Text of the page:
In India, there is hardly any economic event that captures popular imagination as much as the Union Budget. This Explainer will focus on the complex budget jargon that puts off even 'interested–in–budget' souls.
What is a Vote on Account?
The Central Government must seek approval of the Parliament to withdraw money from the Consolidated Fund of India to meet expenses.
A full budget goes through a long process; with elections due soon and without parliamentary approval, the Central Government may run out of cash to meet expenses. This may paralyze the functioning of the government (a la the shutdown in the U.S.).
Tell me more about Vote on Account (VoA).
VoA is generally undertaken for only two months and can’t exceed six months.
VoA is taken in two cases:
o Government is unable to pass a full Budget by 31 March;
o Term of the current government ends close to 31 March.
VoA is different from Interim Budget in one major aspect:
o Interim Budget focuses on both revenue & expenditure whereas the VoA focuses ONLY on expenses.
What is a Fiscal Year?
Any twelve–month period that is used for submission of accounts, taxation purposes and to state financial reporting by private and public sector companies is called a Fiscal Year.
In India, the Government has laid down the provision that the 12–month starting on April 1 and ending on March 31 of next year will be treated as a Fiscal Year.
To put it in perspective, this article is being written on 1 February 2019, i.e., in Financial Year 2018–19. This is also called Fiscal Year ’19.
In the same way, the financial year for 2019–20 will start on 1 April 2019 and will end on 31 March 2020. So, on 1 April 2019, we will enter Fiscal Year ’20.
The Budget is a statement of revenues and expenditures for the coming fiscal year, i.e., the one that starts on April 1 of this year.
What does the Budget consist of?
Look at the table graphic below. This document titled, Budget at a Glance, is the best document to understand the components of the various types of figures in the Budget.
The Union Budget 2019–20 consists of the following:
(a) Actuals for 2017–18,
(b) Budget Estimates for 2018–19,
(c) Revised Estimates for 2018–19, and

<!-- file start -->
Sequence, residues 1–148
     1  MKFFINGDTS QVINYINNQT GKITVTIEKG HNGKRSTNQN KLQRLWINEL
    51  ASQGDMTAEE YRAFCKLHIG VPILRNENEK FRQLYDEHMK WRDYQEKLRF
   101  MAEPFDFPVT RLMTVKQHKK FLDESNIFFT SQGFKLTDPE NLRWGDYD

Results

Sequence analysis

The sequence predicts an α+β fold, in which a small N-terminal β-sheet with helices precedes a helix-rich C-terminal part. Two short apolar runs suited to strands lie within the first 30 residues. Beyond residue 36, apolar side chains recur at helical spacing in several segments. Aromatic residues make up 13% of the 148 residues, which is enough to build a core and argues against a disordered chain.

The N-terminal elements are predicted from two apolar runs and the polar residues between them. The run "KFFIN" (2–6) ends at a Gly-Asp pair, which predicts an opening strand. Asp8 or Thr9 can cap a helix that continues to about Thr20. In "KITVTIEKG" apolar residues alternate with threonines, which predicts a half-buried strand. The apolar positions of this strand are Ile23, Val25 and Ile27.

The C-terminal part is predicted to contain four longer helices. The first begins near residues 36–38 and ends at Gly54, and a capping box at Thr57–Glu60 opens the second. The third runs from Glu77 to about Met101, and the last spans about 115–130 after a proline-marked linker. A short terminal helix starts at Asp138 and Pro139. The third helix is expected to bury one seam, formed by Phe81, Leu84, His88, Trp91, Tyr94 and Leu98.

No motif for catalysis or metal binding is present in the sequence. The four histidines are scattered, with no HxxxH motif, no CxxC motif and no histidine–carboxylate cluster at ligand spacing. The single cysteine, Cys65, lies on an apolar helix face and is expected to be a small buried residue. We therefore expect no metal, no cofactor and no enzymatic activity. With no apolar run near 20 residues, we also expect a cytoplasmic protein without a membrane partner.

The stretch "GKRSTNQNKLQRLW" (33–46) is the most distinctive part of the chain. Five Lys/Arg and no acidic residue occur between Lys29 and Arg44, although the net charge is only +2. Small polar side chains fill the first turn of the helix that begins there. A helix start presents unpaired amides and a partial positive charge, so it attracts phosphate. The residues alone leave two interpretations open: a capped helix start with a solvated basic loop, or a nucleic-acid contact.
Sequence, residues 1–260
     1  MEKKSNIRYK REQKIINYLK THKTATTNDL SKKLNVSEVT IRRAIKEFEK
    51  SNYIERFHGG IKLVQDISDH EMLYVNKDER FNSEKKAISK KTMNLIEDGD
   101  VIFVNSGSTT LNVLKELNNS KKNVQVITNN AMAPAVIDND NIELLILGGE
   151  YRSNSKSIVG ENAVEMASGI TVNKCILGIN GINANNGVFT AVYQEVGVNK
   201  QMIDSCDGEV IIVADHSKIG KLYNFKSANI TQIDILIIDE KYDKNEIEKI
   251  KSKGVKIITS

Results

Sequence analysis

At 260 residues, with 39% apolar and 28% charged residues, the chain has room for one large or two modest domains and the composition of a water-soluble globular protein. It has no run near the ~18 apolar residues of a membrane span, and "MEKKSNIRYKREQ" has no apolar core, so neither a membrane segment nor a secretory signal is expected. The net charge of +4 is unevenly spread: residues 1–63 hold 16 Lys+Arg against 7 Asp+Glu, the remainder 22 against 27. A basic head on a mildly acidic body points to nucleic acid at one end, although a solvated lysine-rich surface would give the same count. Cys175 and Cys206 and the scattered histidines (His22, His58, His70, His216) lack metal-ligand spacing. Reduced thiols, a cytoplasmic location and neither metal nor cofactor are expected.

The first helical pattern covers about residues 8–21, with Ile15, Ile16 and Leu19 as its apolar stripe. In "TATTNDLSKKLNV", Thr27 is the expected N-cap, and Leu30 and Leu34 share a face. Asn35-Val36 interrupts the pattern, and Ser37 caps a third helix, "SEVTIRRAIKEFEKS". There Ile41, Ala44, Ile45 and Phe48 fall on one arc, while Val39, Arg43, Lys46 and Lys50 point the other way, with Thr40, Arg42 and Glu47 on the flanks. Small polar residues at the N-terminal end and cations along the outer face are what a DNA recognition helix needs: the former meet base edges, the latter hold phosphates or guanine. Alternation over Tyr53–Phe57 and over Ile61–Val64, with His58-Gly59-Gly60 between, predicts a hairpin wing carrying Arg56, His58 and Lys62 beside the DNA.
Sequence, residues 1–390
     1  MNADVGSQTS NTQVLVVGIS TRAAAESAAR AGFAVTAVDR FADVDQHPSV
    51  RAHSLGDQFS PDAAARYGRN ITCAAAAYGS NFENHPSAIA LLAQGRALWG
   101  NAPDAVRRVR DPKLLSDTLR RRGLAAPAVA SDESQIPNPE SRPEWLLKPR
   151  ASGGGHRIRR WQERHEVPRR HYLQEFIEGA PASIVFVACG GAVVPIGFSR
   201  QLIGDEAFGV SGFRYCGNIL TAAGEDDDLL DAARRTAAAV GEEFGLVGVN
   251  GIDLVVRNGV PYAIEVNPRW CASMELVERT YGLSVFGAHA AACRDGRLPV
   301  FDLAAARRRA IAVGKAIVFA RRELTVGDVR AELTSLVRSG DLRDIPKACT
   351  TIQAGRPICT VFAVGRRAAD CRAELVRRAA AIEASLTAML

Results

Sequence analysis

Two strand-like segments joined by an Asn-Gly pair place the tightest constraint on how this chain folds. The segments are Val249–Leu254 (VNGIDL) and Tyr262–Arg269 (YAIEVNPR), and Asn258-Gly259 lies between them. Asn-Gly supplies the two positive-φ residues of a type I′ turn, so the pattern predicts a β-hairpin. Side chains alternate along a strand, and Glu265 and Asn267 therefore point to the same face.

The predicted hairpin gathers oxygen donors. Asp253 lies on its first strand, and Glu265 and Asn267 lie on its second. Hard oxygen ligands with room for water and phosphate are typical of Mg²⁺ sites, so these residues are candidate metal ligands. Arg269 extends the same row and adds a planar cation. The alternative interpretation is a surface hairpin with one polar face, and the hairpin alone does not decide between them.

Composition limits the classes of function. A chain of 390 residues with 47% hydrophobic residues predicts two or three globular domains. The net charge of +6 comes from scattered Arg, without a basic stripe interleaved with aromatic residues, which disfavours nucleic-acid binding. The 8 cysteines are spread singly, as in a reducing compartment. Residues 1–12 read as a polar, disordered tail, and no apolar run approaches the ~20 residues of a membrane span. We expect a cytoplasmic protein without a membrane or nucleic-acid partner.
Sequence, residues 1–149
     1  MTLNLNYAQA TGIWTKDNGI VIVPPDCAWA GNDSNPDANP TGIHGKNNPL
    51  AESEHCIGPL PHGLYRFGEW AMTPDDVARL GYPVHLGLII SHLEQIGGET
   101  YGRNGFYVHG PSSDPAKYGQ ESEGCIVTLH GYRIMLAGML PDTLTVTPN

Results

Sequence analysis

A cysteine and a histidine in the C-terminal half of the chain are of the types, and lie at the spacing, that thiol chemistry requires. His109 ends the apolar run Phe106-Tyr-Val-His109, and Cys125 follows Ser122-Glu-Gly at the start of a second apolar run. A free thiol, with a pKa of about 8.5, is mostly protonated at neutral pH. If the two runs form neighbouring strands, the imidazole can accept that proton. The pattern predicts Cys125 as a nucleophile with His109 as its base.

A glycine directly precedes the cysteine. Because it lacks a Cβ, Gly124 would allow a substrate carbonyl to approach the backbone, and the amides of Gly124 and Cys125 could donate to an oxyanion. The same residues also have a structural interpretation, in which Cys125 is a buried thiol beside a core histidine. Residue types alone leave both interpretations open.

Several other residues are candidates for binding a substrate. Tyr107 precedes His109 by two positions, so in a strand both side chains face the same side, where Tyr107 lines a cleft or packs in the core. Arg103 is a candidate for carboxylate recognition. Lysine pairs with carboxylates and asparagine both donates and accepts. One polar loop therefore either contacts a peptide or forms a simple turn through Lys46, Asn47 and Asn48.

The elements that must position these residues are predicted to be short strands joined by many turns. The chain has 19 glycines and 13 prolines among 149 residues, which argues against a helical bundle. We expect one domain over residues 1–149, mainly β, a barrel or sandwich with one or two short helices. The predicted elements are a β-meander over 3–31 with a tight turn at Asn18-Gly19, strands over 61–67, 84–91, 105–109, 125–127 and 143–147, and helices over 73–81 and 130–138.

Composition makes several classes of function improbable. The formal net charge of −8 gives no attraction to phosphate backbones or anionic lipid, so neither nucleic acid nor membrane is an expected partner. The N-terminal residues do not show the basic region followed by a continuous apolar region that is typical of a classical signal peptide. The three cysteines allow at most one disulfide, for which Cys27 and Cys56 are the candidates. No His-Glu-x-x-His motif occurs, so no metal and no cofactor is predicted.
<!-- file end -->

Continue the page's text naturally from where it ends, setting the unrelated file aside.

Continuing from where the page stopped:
(d) Budget Estimates for 2019–20.
The Actuals for 2017–18 may be represented as such but they STILL would be PROVISIONAL only. This means that these figures are NOT the final figures for 2017–18 but are subject to further revision. In fact, the final figures for 2017–18 will only be available toward the end of Financial Year 2018–19 (or Fiscal Year ’19).
Budget Estimates (BE) relate to the figures set out by the Finance Minister in his Budget Speech last year (i.e., in February 2018) for the Financial Year 2018–19.
However, all figures – related to revenue collection, expenditure, other allocations – are subject to change. These numbers are mere ESTIMATES and not actuals. As the year progresses, such figures may sometimes need to be revised. For example, if there is low industrial and agricultural activity (meaning lower economic output), tax collections may dip.
This, in turn, will reduce the government’s Revenue Receipts.
In such case, the Government may revise the Budget Estimates (made in the Budget). Such altered figures are labeled Revised Estimates (RE). These RE are listed in the third column.
In the fourth and last column, you will find Budget Estimates for the coming Financial Year 2019–20. These figures reflect the various estimates made by the Government in terms of Receipts (including tax collections) and Expenditures (including interest payments and salary payments to government employees).